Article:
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Bay of Pigs

2506shldFidel Castro overthrew the US-backed Batista dictatorship in January 1959 to take control of Cuba, and in 1960 he took over US oil refineries in the country. In response, the United States stopped buying Cuban sugar and Castro retaliated by seizing all US-owned businesses in Cuba.

When John F Kennedy replaced Dwight Eisenhower as president of the United States he was told about the CIA plan to invade Cuba. Kennedy had doubts about the venture but he was afraid he would be seen as soft on communism if he refused permission for it to go ahead.

Kennedy’s advisers convinced him that Castro was an unpopular leader and that once the invasion started the Cuban people would support the ClA-trained forces.

On 14 April 1961, B-26 planes began bombing Cuba’s airfields. After the raids Cuba was left with only eight planes and seven pilots.

On 17 April an armed force of approximately 1,500 Cuban exiles calling themselves the 2506 Brigade landed in the Bahía de Cochinos (Bay of Pigs) on the south coast of Cuba to stage an invasion – codenamed “Operation Pluto” – with the support of the US government.

bay_of_pigs_map150The fighting force had been trained in Guatemala by the CIA since May 1960. Supplied with arms by the US government, the rebels intended to foment an insurrection in Cuba and overthrow Castro’s regime.

They hoped to gain support from the local population, cross the island to Havana, and overthrow Castro. Poorly planned and executed, the invasion was a spectacular failure and the Cuban army easily defeated the rebels by 20 April.

The 2506 Brigade was outnumbered and outgunned, and the freighter ships containing their reserve ammunition and communication equipment for the invasion were sunk less than an hour into the battle.

Two of the planes that were attempting to give air-cover were also shot down.

The Cuban exiles fought bravely, but 114 died and more than 1100 were taken to Cuban prisons. Within seventy-two hours all the invading troops had been killed, wounded or had surrendered.

The chances of a successful invasion were slim from the start – Security for the operation was poor, and a planned decoy “attack” on the US base at Guantanamo never happened, nor did the agency’s other ace in the hole – the assassination of Castro.

The CIA had hired the Mafia to kill Castro (something which both organisations dearly desired), with the hit to occur at the same time as the invasion.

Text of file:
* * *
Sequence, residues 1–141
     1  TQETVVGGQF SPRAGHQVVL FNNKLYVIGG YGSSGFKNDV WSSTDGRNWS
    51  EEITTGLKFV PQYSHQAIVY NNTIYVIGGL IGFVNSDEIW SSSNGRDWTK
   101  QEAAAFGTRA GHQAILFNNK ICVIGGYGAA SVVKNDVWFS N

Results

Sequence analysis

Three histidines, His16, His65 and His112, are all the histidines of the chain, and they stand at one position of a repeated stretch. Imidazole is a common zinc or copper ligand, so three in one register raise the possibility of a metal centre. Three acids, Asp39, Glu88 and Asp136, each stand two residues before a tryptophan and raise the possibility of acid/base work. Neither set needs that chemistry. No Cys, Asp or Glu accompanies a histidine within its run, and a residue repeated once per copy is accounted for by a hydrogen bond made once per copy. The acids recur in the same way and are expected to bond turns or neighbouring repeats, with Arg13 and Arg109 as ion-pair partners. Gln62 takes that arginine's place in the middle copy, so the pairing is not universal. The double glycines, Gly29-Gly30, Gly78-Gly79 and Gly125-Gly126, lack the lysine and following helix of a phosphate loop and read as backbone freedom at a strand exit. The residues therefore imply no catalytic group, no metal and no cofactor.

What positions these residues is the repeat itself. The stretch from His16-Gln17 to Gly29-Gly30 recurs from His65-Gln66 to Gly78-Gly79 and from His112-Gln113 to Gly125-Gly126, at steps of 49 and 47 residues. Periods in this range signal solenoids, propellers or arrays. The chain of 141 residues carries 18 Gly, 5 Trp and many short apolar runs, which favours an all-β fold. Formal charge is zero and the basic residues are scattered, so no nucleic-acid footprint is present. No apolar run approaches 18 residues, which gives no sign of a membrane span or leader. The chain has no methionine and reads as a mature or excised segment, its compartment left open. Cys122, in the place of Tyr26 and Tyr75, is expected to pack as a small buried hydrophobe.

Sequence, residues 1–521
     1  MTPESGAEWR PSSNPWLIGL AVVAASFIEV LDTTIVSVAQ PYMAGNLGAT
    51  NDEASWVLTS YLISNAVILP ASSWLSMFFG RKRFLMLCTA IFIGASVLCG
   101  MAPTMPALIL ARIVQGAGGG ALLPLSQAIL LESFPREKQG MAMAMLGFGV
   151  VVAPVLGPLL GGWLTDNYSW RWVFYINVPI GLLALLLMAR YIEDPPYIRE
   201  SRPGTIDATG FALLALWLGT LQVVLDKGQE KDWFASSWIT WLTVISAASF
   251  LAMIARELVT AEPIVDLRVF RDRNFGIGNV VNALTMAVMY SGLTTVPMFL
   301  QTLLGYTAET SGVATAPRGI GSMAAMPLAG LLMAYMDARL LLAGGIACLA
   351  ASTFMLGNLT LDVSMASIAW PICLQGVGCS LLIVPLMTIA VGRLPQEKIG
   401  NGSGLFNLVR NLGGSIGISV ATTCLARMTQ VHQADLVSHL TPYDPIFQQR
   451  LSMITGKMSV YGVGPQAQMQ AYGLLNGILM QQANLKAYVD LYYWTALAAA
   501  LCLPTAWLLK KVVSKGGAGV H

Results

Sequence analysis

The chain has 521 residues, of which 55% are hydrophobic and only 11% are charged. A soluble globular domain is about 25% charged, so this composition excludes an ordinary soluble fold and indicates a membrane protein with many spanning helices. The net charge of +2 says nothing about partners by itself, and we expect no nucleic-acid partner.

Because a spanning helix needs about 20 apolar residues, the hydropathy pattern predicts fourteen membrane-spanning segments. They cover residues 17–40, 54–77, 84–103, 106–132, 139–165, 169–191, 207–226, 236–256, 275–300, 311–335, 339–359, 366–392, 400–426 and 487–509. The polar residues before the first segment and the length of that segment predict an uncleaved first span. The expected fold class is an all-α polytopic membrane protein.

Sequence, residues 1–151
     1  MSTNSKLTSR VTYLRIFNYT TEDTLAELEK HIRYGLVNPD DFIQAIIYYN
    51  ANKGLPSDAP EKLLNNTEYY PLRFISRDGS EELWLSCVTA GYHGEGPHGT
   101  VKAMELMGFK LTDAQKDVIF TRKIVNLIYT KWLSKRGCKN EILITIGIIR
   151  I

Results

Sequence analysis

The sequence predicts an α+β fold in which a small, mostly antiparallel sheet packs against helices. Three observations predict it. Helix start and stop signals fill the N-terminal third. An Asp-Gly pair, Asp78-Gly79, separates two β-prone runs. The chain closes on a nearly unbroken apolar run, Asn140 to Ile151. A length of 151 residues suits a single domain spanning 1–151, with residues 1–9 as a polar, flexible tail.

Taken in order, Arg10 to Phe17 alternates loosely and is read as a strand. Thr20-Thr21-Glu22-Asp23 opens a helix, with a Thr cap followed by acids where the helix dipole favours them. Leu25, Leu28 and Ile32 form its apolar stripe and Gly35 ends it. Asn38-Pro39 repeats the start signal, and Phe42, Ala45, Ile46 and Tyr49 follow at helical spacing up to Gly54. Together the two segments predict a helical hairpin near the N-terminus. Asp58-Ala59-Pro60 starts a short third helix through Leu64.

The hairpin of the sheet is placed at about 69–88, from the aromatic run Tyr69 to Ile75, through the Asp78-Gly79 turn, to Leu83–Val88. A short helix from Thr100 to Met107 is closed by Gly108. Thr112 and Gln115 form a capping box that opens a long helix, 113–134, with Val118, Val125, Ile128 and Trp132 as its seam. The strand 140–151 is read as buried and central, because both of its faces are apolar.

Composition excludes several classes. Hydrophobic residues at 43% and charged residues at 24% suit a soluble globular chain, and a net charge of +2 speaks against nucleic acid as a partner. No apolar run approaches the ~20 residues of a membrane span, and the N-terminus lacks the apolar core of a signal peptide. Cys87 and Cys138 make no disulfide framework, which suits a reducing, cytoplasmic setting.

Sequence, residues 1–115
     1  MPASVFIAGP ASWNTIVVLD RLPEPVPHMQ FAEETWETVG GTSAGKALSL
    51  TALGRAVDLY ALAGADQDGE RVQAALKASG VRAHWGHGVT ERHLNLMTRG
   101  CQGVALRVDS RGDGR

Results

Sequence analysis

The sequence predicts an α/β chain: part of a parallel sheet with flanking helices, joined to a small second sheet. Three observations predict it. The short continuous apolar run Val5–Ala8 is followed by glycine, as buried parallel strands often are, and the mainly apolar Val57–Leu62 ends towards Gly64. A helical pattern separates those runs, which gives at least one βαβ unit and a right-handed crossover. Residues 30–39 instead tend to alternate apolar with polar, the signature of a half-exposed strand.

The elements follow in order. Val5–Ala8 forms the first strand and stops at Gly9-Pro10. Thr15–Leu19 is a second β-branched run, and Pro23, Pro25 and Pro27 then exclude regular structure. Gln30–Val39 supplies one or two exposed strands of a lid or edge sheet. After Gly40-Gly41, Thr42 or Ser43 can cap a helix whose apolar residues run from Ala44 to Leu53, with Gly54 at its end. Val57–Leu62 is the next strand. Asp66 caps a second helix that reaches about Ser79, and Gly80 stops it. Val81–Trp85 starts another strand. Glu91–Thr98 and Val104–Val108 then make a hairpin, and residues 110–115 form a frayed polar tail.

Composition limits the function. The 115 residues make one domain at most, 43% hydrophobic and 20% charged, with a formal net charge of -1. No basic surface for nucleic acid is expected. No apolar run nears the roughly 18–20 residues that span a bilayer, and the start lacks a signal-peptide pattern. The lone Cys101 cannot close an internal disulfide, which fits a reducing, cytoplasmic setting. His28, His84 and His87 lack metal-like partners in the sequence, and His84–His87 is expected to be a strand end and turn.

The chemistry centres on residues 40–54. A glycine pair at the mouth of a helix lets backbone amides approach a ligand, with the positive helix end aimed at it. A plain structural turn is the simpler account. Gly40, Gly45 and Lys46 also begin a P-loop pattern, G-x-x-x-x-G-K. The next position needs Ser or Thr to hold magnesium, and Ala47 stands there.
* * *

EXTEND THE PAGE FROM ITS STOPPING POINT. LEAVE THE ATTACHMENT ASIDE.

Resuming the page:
Ironically the Mob’s hit man was almost assassinated himself – He was one of eight JFK-backed exile leaders chosen to head a post-Castro government, but Nixon had them detained during the invasion.

If the invasion had succeeded, all eight would have been killed, so that Nixon-backed Cubans could take over.

The invasion provoked anti-US demonstrations in Latin America and Europe, further soured US/Cuban relations and subjected President Kennedy to severe criticism at home – although he had actually inherited the invasion plan when he was elected to office and the operation had been authorised in March 1960 by President Eisenhower.

In December 1962, Castro released 1,113 captured rebels in exchange for $53 million in food and medicine raised by private donations in the United States.

The consequences of the failure of the Bay of Pigs invasion lead to the Cuban Missile Crisis, and the CIA war against Castro continued for many years.

The agency tried to kill Castro more than two dozen times, up until at least 1987. There have also been numerous cases of CIA sabotage in Cuba, including the use of germ warfare.

As for the Cuban exiles involved in the Bay of Pigs, many turned to organised crime and freelance terrorism. Others continued to work for the CIA on covert operations. Many did both.

The CIA internal investigation report in the 1960s into the Bay of Pigs disaster was released for the first time after 36 years in February 1998, and it blamed the agency, not JFK, for the failure.

It said it had been the CIA’s ignorance and incompetence that caused the disaster.

The report was released under the Freedom of Information Act after a request by the National Security Archive, a non-profit organisation in Washington, DC.

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